Some families with kids that have disabilities in Alberta say they are having struggles finding daycare.
Colleen Taylor's son Logan is four-years-old and attended a daycare in St. Albert for around three years — until last fall, when the daycare told Taylor that they needed more support to look after Logan.
He has cerebral palsy and a developmental disability called Williams Syndrome. He's also non-verbal. Taylor said the daycare didn't offer any solutions.
There is support for parents like Taylor, in the form of a program called the Family Support for Children with Disabilities program (FSCD).
One of the things a daycare can do is access FSCD funding, which can pay for extra staff to help. It can also pay for medications, counselling, medical supplies, and even clothing or footwear that relates to the child's disability.
Taylor says Logan, pictured, learned important skills at daycare. (Submitted by Colleen Taylor)
However, Taylor said it can be challenging to work with them.
"I can't even get ahold of my caseworker," she said in an interview.
"Like I tried calling her for advice and then I called the social worker at the Glenrose and she's tried calling her … and she doesn't get back to anybody and that's not unusual for her."
Being around other children was hugely helpful for Logan. Taylor said her son saw other kids using cutlery and picked up that skill himself.
Province says support is available
In an emailed statement, the province said it does what it can to ensure daycares are inclusive for all children.
"All licensed child-care programs are required by the Early Learning and Child Care Act to demonstrate how they will meet a child's developmental needs, including supporting inclusion for children with extra support needs or disabilities," Heather Barlow, a spokesperson for the Minister of Seniors, Community and Social Services said.
According to FSCD data, caseloads for the organization have almost doubled in 10 years. The funding has not. The expenditures of the program depend on the number of families on the caseload and also the services that are accessed by those families, according to the province.
Kerry Coroy is now in a similar situation to Taylor. Coroy's five-year-old son lives with autism and a severe language delay. She said her daycare in Stony Plain also said they needed more support to look after her son, so she too needed to find an alternate solution.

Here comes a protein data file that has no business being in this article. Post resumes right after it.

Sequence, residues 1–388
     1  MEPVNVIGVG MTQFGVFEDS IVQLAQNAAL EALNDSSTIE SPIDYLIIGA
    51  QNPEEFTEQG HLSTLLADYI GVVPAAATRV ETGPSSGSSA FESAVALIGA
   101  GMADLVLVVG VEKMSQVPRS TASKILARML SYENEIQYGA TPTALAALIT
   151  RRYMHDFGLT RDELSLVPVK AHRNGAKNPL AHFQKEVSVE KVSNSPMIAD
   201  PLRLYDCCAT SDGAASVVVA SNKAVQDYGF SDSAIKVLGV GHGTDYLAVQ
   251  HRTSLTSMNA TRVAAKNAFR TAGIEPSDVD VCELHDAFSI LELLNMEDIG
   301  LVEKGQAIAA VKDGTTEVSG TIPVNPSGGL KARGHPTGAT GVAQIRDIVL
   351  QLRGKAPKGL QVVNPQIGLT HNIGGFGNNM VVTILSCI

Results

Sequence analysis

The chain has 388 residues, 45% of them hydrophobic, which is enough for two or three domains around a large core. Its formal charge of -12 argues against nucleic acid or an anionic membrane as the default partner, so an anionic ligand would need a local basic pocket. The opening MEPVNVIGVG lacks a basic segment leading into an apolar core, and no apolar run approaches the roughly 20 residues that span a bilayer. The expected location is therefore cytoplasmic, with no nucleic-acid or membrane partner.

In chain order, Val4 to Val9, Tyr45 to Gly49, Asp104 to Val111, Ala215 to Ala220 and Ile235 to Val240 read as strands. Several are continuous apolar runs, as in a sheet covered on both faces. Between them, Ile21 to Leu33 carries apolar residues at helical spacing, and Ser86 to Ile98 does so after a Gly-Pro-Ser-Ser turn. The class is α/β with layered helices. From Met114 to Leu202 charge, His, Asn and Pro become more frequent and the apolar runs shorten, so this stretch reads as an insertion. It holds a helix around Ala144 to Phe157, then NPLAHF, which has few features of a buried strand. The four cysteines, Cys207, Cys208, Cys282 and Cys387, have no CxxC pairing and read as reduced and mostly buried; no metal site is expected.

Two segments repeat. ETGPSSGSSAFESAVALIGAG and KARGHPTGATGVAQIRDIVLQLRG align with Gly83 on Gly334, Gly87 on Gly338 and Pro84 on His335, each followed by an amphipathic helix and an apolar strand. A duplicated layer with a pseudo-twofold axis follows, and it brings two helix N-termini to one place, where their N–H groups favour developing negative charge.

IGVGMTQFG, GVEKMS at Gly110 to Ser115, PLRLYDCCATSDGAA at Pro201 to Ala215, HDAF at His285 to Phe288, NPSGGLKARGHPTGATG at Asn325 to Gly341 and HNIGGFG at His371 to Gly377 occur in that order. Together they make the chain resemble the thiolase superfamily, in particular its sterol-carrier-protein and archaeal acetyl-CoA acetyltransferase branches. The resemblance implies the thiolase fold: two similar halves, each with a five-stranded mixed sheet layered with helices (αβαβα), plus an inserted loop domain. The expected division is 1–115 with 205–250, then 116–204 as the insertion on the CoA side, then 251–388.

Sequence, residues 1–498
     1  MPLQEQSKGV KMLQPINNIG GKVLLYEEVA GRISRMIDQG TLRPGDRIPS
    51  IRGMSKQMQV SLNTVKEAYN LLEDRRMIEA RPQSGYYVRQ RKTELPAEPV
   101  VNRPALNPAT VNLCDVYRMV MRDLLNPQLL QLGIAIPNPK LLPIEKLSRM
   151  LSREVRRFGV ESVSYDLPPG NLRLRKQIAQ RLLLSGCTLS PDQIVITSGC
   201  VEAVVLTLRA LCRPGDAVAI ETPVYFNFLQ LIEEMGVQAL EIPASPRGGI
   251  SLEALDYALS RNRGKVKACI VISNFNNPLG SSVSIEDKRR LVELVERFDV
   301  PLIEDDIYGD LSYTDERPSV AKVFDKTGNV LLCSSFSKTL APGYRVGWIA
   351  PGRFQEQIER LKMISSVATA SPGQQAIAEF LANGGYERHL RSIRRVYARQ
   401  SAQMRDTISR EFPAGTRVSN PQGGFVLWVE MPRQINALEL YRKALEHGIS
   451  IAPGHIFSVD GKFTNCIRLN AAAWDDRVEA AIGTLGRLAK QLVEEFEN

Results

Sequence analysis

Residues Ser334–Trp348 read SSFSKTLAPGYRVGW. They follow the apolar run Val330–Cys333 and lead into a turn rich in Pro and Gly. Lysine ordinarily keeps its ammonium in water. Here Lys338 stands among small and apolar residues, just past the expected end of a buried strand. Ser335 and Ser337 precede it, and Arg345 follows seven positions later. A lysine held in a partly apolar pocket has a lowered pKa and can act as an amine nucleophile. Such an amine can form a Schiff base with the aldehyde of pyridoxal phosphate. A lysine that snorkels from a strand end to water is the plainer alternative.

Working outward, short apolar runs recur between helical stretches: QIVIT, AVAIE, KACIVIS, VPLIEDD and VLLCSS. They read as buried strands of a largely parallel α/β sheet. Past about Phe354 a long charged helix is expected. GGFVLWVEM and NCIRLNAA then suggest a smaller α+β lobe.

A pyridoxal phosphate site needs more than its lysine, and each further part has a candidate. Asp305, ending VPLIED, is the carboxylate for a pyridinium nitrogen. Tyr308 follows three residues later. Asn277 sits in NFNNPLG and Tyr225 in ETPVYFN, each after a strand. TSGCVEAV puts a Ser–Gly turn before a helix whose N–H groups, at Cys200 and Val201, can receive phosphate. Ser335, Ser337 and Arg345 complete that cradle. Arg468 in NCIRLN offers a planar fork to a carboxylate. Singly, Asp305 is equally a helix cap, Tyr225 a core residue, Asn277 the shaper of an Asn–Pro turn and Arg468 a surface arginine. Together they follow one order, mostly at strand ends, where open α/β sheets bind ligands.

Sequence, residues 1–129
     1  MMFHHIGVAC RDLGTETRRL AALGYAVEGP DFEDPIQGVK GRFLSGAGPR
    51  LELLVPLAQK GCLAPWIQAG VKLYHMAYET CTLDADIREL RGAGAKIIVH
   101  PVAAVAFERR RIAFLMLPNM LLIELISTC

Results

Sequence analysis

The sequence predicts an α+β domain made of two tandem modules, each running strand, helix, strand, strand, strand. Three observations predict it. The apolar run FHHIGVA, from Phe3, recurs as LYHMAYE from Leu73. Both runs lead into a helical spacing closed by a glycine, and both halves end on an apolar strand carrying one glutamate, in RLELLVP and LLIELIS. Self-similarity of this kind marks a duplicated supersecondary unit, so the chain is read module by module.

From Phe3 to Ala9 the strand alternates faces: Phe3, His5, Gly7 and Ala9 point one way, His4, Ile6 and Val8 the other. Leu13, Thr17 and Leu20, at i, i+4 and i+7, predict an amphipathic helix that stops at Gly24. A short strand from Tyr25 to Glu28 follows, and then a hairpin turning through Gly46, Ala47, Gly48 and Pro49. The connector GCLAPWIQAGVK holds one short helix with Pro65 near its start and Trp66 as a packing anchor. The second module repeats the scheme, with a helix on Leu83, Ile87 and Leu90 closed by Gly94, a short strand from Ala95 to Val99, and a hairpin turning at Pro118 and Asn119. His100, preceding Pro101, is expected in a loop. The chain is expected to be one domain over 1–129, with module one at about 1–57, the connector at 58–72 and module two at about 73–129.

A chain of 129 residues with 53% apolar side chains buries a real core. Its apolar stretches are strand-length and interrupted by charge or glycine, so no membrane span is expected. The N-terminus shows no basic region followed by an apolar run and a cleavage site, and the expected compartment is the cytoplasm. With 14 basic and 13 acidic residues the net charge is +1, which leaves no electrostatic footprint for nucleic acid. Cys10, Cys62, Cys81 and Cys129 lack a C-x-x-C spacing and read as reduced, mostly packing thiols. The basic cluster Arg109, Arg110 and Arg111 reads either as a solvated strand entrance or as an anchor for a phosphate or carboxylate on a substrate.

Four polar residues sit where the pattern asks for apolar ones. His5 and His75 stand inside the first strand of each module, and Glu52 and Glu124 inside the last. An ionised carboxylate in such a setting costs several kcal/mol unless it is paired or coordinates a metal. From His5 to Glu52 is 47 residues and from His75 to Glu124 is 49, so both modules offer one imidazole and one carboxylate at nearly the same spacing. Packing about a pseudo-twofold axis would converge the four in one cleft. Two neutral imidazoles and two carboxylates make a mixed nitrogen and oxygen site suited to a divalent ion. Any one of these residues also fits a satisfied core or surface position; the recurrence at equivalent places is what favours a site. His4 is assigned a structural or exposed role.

She said it surprised her; she hadn't been getting incident reports or calls home indicating he was having difficulties at daycare.
"But then to have the decision of the owner to be that he would no longer have a spot there, I guess it was very much shocking," Coroy said in an interview.
"And then it is a bit of a state of panic. Where do we go from here? Like there's no options … and the thought does cross your mind: At some point will one of us have to just stop working because we don't have an option?"
Shantel Sherwood, one of the co-founders of Hold My Hand Alberta, said she is concerned about potential discrimination.
Hold My Hand is a volunteer organization that helps parents of kids with disabilities.
"Most daycares don't wish to take our children, because they won't unless there's additional supports," she said in an interview.
"Our kids essentially have to be kicked out of two or three daycares before FSCD will say, 'Yes, your child needs this support.' … And you take having a single parent and then what? Or you're new to Canada and you don't understand how to access that secret menu. You don't know how to tell FSCD you need this additional help."
Both Taylor and Coroy found other options in the end. Coroy moved near Onoway and found a daycare that had just opened.
Taylor said she couldn't find $10-a-day daycare but she did find a dayhome — a smaller, private option. She said she now pays a few hundred more per month in child care but that she's happy she found a place.